Bad Training Habits at the Range

by Drew Beatty

Even if you are spending enough time at the range, are you inadvertently reinforcing bad habits?

What you do on the range repeatedly will become a habit, even if it’s a bad habit. If you consistently drill a detrimental skill into muscle memory, the consequences could be deadly if you had to use your gun in self-defense.

Inadvertently training yourself to do something unfavorable is referred to as a “training scar.” Here are several examples that I’ve seen or caught myself doing on the firing range:

  • Slowly removing an empty magazine by hand and placing it in a pocket instead of dropping it on the ground and immediately loading another.
  • Lowering the gun after each shot to look at the target.
  • Sighing and taking time out to be disappointed when you miss the target.
  • Holding the pistol far out in front of you to rack a round in or perform any administrative function.
  • Freezing on any malfunction instead of clearing it immediately.
  • Standing completely fixed and stationary at all times.

Training scars happen in professional law enforcement circles too. In Lt. Col. David Grossman’s book “On Combat,” he gives numerous examples where law enforcement trainers unintentionally built training scars in to their officers’ training scenarios. In one example, the FBI required that agents draw, fire two rounds, then re-holster in training. The FBI found that agents would in turn replicate this training scar in life or death situations — even if more than two rounds were required to stop the threat.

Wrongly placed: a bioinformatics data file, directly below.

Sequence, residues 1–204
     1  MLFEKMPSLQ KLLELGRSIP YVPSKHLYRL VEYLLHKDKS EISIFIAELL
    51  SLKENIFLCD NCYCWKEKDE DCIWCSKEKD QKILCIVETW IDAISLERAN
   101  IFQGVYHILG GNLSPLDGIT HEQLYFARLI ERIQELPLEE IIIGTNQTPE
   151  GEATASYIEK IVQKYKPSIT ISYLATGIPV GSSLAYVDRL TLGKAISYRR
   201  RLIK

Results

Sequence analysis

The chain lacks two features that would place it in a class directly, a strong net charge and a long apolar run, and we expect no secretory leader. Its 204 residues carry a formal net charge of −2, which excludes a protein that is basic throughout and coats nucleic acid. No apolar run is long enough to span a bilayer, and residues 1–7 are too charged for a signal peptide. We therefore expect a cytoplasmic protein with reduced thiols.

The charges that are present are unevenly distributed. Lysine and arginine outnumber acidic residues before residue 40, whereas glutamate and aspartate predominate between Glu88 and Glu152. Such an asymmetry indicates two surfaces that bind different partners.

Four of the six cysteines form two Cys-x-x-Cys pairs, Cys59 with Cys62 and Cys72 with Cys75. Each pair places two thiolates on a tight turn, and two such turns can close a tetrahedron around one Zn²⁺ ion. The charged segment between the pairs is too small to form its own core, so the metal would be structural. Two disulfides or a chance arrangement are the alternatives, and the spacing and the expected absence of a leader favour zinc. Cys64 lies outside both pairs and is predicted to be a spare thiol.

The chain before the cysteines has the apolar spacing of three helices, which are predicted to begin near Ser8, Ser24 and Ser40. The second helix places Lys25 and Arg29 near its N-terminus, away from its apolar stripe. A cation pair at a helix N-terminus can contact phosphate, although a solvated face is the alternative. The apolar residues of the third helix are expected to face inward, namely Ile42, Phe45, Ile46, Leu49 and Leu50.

Grossman also details one training program where arresting officers, instead of using a dummy gun, used their finger in the shape of a gun. Grossman said, “This came to a screeching halt when officers began reporting to the training unit that they had pointed with their fingers in real arrest situations.”

Another example Grossman provides in his book is from the time when revolvers were the predominant law enforcement weapons. During practice, officers would commonly dump their brass in their hand and pocket it so they wouldn’t have to pick it up from the ground. In real gunfights, officers were found dead with spent brass in their pockets.

I highly recommend concealed carriers read and re-read Grossman’s book.

Law enforcement training expert Greg Ellifritz provides additional examples of training scars in his article “Training Scars” on the Buckeye Firearms Association website.

Training Scars are a universal phenomenon — we all do it. The point is to be able to recognize where you might be building bad habits and correct them when you are practicing.

In an actual gunfight, you don’t rise to the occasion, but instead fall to your lowest level of competence. I always keep this in mind when I’m training, and I work to raise my lowest level of competence. Some of the “good habits” to work on in training are simple things:

  • Dropping magazines on the ground instead of pulling them out by hand.
  • Dealing with malfunctions immediately and effectively.
  • Lateral and vertical body placement instead of standing still.
  • Performing administrative functions with the gun close to the body instead of held out in front (which makes it easier to retain your weapon).

As someone who has made the decision to carry a concealed firearm to defend my life, it is my responsibility to raise my competence level. If that level of competence includes bad habits repeated over and over, the consequences could be grave.

Drew Beatty is a 50 year old husband and father, and a lifetime resident of the great state of Colorado. He is a long-time firearms enthusiast as well as a strong advocate for The Second Amendment.